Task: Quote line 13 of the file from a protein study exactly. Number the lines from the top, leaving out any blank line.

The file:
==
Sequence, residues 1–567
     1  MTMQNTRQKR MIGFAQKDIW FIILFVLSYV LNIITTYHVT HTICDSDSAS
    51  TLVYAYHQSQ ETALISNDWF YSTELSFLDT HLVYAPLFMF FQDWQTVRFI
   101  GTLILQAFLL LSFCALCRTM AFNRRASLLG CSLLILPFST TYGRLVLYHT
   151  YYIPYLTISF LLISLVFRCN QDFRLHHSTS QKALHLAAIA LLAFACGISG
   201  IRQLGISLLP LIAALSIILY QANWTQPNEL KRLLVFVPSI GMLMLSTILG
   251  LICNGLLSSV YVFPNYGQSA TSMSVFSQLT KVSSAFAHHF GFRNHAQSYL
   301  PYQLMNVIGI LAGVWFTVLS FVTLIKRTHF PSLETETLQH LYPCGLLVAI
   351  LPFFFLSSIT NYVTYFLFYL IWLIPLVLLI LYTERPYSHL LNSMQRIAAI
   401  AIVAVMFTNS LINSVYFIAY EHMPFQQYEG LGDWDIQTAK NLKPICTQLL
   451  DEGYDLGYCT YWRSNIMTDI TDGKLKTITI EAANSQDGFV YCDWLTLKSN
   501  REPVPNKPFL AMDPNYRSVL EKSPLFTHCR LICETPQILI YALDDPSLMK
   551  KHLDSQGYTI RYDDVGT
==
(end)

   551  KHLDSQGYTI RYDDVGT